Kazakhstan and Corruption: Young Blood, Old Habits

The accused is a star of one of Kazakhstan’s most-vaunted success stories: the Bolashak scholars program.

Sometimes a cor­rup­tion case is about more than just the cor­rup­tion. The down­fall of Kuandyk Bishimbayev is a sto­ry about how Kazakhstan con­tin­ues to strug­gle to uproot graft and how the scourge has been hand­ed on seam­less­ly to a gen­er­a­tion in which the elite had placed great hopes of a more trans­par­ent future.

Bishimbayev was detained by anti-cor­rup­tion agents in January 2017, almost two weeks after being sum­mar­i­ly fired from his job as National Economy Minister. Investigators announced they sus­pect­ed him of tak­ing bribes dur­ing his time at the helm of the state-run Baiterek hold­ing com­pa­ny, an enti­ty tasked with ensur­ing imple­men­ta­tion of the government’s eco­nom­ic devel­op­ment goals.

In April, while await­ing a tri­al that start­ed in November 2017 and is now reach­ing its con­clu­sion, Bishimbayev turned 37 years old.

Bishimbayev is one of the best-known grad­u­ates of one of Kazakhstan’s most-vaunt­ed suc­cess sto­ries: the Bolashak schol­ars pro­gram. Named after the Kazakh word mean­ing “future,” Bolashak was cre­at­ed by President Nursultan Nazarbayev in 1993 with the express goal of mod­ern­iz­ing the coun­try by hav­ing Kazakhstan’s most promis­ing young peo­ple study at top-class uni­ver­si­ties around the world. In 2005, Nazarbayev decreed that it should become manda­to­ry for all deputy min­is­ters to have stud­ied abroad. 

Bolashak could have been tai­lor-made for Bishimbayev, who com­plet­ed his stud­ies in inter­na­tion­al eco­nom­ic rela­tions at the Kazakh State Management Academy (now called Narxoz University) by the time he was 19 years old. He then squeezed in an MBA at George Washington University in the mid­dle of obtain­ing a law degree at Taraz State University. In March 2015, Bishimbayev became chair­man of a Bolashak old boys asso­ci­a­tion — a sure sign of the esteem in which he was held by that cohort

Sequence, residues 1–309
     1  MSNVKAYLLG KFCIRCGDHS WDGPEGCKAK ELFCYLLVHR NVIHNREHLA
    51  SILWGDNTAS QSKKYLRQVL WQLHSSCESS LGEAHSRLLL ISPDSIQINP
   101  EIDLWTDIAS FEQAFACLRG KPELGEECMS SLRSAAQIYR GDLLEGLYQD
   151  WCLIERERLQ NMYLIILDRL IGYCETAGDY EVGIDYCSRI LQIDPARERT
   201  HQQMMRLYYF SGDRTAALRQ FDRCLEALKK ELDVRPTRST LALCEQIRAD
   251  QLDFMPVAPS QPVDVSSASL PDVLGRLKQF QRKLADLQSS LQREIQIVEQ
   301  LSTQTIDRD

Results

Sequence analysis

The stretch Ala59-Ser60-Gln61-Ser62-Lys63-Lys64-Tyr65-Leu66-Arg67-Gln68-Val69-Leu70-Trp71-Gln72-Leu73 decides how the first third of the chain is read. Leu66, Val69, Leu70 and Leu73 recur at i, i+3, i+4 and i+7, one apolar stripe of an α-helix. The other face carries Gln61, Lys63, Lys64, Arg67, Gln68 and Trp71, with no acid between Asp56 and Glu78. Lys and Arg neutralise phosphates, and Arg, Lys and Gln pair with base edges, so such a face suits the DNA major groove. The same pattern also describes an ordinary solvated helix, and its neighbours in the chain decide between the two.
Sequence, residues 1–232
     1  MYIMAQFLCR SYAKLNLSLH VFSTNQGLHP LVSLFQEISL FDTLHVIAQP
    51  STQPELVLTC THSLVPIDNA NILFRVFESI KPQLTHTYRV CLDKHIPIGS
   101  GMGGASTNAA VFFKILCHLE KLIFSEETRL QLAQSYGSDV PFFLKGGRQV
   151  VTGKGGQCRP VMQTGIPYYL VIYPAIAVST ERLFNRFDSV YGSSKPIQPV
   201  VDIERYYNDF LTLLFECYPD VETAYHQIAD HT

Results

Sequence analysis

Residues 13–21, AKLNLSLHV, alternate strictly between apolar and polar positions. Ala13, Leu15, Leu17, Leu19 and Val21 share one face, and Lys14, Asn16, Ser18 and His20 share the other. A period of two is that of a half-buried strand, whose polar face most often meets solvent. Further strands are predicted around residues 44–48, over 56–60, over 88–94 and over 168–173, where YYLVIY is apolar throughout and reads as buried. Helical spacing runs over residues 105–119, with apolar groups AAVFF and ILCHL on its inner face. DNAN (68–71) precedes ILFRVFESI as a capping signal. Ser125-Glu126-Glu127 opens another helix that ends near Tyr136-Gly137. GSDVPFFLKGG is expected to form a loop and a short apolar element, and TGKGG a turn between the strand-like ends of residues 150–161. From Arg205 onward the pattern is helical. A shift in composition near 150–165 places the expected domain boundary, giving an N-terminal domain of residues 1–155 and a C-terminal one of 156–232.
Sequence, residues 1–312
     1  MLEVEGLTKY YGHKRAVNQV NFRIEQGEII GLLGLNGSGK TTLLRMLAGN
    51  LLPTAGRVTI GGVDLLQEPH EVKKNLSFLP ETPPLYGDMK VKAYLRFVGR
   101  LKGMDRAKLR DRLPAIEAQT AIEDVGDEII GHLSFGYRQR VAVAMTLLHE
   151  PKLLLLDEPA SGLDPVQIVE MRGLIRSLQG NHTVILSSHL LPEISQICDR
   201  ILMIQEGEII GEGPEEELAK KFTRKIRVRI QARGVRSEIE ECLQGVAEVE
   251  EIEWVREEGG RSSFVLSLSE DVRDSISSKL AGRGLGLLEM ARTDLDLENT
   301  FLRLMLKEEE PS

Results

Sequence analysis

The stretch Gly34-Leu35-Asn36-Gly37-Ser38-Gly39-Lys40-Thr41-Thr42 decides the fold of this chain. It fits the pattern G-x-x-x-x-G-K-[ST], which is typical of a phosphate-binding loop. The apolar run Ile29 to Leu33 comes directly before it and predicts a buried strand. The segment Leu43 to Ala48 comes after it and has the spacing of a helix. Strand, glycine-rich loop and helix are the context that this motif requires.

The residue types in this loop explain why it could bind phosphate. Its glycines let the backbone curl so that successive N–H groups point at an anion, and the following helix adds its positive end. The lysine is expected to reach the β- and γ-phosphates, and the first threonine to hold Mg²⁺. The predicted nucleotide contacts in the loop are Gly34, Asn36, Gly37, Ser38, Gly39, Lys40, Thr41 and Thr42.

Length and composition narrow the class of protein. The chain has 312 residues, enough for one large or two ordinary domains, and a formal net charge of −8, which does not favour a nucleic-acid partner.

He got a job in the pres­i­den­tial admin­is­tra­tion in 2008 and was named an advis­er to Nazarbayev him­self in 2009. At lat­er junc­tures, he occu­pied posts as a deputy trade min­is­ter and vice chair­man of the Samruk-Kazyna sov­er­eign wealth fund.

The scale of the promise has made the dis­grace all the more eye-catching.

The Bishimbayev affair has drawn so much atten­tion not because of how high-rank­ing he was. After all, after two high-pro­file tri­als of Kazakhstani prime min­is­ters, it is hard to shock the gen­er­al pub­lic,” Sultanbek Sultangaliyev, head of the Rezonans think tank, told Eurasianet. “This is the first time that such a promi­nent and dis­tinc­tive mem­ber of that new gen­er­a­tion of state man­agers […] has been tried on cor­rup­tion charges.”

While the judge at the Astana Specialized Inter-District Criminal Court has yet to pass a ver­dict on Bishimbayev and his 22 fel­low defen­dants, it is almost unknown for tri­als to reach this stage in Kazakhstan with­out a con­vic­tion. Prosecutors are ask­ing for a 12-year jail sen­tence. Bishimbayev has adamant­ly denied the accu­sa­tions against him, although he did in an impas­sioned address to court apol­o­gize to Nazarbayev for “hir­ing peo­ple whom I knew and who let me down.”

Sultangaliyev said that the con­fi­dence afford­ed to the poten­tial of man­age­ment class-shap­ing ini­tia­tives like Bolashak was always misplaced.

These illu­sions are not to do with the pro­fes­sion­al­ism and cre­ativ­i­ty , but with the idea that young blood might be immune to cor­rupt forms of per­son­al enrich­ment,” he said.

Placing this tri­al in a broad­er his­tor­i­cal con­text, polit­i­cal ana­lyst Talgat Ismagambetov argued that Kazakhstan con­tin­ues to be blight­ed by a cul­ture of impunity.